Bank Of America: Operating Leverage Trumps CCAR For Long-Term Investors

| About: Bank of (BAC)

Summary

BAC will need to run higher capital levels after the new CCAR regime is implemented.

More capital lowers dilution risk, and sharpens optimization over time.

The main value driver remains operating leverage.

Speaking at Yale School of management, Fed Governor Daniel Tarullo, gave a foretaste of the probable next stage of development for the CCAR process.

While there is capital relief in prospect for smaller banks, the GSIB's will need more capital.

Within the present stack of required capital for banks is a 2.5% Capital Conservation Buffer (CCB). The CCB is going to convert to a Stress Capital Buffer, which will be a minimum of 2.5% or the requirement generated by the severely adverse scenario of the Fed's supervisory test should it be greater than 2.5%. In the case of the GSIB's the SCB is going to exceed the current 2.5%.

Offsetting this, is it appears that banks will be able to include planned but not distributed dividends in their calculation of the SCB, which will lessen the increase because planned dividends are currently excluded.

Bank of America (NYSE:BAC) has $187bn of Common Equity Tier 1 Capital under the Advanced Basel approach, equivalent to a 10.5% CET1 ratio on a fully phased in basis. My guess is that the move to including a Stress Capital Buffer might impose an additional capital requirement of ~80 bps which would imply a build of 7.6% of capital or a reduction of risk weighted assets to achieve the same thing.

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Source: Company Data and FIG Ideas calculations

The market broadly expected some level of increase. Does this increase in required capital undermine my liking for Bank of America? It doesn't, and the reason gets right to the central question of how investors should value banks.

When you buy a bank, you buy an earnings stream and the main risk, which far outweighs the normal secular and cyclical earnings fluctuations, is capital loss in a severe asset loss scenario. The effect on a compound earnings stream of investors having to recapitalize banks can be disastrous especially in a mature market in which banks can't grow their way rapidly out of a hole.

This is why I value banks on PE. As a long-term investor, your own equity in the position is the price you paid for the stock; your return on that equity - on the price you paid - is the earnings you get over time. Whether reinvested for growth, or distributed to you, is an important but secondary question.

A bank analyst must of course spend a lot of time with the balance sheet in order to assess dilution risk and earnings drivers. But I would not try to value a bank off matrices of P/BV: ROE and Cost of Equity. These are just glorified PE ratios anyway and obscure what is key to bank valuation, which is earnings streams over time.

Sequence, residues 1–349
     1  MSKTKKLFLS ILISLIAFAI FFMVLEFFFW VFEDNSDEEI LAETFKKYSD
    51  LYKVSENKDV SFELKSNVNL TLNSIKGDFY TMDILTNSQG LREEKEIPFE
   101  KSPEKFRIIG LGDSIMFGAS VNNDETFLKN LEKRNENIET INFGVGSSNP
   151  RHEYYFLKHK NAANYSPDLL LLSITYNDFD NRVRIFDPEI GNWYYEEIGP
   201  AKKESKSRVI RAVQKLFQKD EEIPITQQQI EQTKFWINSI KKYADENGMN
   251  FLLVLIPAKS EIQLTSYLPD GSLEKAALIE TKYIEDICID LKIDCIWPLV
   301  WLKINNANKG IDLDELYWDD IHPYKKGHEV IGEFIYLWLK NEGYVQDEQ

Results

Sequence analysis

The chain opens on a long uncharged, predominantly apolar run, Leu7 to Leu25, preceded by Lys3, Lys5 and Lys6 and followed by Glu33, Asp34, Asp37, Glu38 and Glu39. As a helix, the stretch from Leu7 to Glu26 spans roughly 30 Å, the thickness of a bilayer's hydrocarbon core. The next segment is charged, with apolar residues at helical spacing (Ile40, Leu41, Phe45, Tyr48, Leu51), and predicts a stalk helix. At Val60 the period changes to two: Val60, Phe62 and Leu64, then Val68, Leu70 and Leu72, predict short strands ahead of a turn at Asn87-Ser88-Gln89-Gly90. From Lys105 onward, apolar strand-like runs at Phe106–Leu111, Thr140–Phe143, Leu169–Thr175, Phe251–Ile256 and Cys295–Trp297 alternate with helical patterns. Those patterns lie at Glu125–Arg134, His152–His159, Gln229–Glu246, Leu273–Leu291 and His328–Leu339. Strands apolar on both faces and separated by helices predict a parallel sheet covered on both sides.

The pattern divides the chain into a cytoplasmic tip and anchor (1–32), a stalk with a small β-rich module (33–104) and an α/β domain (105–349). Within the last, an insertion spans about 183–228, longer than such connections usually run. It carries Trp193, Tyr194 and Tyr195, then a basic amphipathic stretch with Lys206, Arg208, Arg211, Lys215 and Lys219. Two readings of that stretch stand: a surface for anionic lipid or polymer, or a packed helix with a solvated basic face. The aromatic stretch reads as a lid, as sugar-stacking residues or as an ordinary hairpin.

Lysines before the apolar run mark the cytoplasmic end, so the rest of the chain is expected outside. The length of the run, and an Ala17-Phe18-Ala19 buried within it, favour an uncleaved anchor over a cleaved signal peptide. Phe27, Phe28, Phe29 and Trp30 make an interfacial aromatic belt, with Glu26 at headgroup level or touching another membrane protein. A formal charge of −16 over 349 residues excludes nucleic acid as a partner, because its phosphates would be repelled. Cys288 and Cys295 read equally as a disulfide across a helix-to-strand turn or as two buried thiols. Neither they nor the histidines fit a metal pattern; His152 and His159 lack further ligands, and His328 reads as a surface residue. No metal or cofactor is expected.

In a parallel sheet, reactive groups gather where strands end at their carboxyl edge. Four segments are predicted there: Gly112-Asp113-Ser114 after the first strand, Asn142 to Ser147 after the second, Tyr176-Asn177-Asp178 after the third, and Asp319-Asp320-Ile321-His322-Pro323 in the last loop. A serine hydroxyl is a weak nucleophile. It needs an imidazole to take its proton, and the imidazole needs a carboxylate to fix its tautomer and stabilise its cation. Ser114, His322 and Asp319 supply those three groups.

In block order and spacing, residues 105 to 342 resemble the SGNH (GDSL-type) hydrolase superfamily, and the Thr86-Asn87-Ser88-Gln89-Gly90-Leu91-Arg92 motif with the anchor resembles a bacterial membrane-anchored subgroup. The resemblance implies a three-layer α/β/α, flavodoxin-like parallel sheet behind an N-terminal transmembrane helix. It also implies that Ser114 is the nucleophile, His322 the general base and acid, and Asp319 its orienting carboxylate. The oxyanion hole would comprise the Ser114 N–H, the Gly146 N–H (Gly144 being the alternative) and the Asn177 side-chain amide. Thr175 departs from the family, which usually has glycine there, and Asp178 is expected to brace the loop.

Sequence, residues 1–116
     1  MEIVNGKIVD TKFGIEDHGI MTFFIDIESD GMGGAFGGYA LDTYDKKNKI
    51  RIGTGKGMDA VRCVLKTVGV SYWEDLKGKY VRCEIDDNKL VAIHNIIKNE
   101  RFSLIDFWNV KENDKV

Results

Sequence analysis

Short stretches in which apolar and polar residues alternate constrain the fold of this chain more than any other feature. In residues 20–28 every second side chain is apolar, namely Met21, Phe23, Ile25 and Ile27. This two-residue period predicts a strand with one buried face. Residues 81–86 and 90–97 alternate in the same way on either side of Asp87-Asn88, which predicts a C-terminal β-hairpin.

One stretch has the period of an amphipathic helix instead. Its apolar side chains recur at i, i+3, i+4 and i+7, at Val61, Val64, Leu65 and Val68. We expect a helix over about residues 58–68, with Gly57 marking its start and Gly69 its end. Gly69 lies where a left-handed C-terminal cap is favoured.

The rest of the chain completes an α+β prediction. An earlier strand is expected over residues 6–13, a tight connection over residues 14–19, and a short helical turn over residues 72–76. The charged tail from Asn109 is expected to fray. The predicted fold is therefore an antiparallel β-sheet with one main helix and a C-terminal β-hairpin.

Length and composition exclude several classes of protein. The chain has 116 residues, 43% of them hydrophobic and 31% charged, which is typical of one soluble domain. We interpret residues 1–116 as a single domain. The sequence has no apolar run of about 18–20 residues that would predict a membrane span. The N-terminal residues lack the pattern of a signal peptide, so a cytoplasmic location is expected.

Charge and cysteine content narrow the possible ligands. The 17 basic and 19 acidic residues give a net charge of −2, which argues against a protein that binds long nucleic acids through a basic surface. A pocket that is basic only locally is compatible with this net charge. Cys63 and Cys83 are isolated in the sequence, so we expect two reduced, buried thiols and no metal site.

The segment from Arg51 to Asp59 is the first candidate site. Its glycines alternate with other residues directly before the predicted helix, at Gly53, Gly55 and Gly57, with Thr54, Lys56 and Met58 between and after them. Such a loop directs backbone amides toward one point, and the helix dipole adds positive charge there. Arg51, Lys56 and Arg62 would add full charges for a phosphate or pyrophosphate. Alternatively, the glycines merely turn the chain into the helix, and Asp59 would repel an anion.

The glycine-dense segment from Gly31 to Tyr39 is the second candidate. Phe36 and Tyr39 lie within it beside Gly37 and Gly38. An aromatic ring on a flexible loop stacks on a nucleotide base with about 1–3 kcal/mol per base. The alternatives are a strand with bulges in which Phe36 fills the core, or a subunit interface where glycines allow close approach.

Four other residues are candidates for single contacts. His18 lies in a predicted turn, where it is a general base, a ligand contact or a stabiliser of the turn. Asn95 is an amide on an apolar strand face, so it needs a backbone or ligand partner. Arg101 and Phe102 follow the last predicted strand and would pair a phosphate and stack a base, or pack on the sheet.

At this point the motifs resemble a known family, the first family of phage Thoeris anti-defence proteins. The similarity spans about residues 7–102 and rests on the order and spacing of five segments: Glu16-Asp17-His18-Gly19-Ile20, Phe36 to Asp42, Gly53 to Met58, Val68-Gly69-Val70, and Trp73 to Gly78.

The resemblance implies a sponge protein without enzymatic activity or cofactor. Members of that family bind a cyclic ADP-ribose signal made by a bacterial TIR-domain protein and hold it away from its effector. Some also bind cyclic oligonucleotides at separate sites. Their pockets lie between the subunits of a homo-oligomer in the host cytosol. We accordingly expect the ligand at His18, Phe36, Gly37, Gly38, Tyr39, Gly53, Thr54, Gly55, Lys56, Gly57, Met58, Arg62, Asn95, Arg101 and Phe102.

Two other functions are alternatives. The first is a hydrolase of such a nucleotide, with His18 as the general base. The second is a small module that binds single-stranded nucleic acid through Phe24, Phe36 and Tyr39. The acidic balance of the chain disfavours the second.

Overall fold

More capital in a bank reduces the risk that investors will get diluted further out, and it should result in a lower risk premium for the stock. If the GSIB's - as Gov. Turollo suggested may happen - decide to exit certain businesses because segment ROE is no longer attractive after the latest round of CCAR enhancements, then it will be long-term value enhancing albeit at the costs of restructuring short term. This is also likely to give further incentive to activists, which is no bad thing.

I believe the pace of regulatory capital tightening is easing, and to the extent that the Fed drives greater safety and rationalization in these names against that greater safety, our long-term risks around earnings reduce.

The principal investment case for BAC remains the prospective improvement in operating leverage. If it can attain its target $53bn of operating costs in 2018, then operating profit before tax should be at least $26.6bn, which equates to a bottom line of $16.9bn (assuming an effective tax rate of 30% and preferred dividends of $1.7bn.) If we are a little more generous with income, as the table below shows, then a bottom line of >18bn become plausible.

Source: Company Data and FIG Ideas calculations

Before buybacks, the stock is on a PE 18E of 9.2x EPS in scenario 1, and 8.4x in scenario 2. Both are attractive. Long-term investors should use any CCAR related weakness to increase positions.

Disclosure: I/we have no positions in any stocks mentioned, and no plans to initiate any positions within the next 72 hours.

I wrote this article myself, and it expresses my own opinions. I am not receiving compensation for it (other than from Seeking Alpha). I have no business relationship with any company whose stock is mentioned in this article.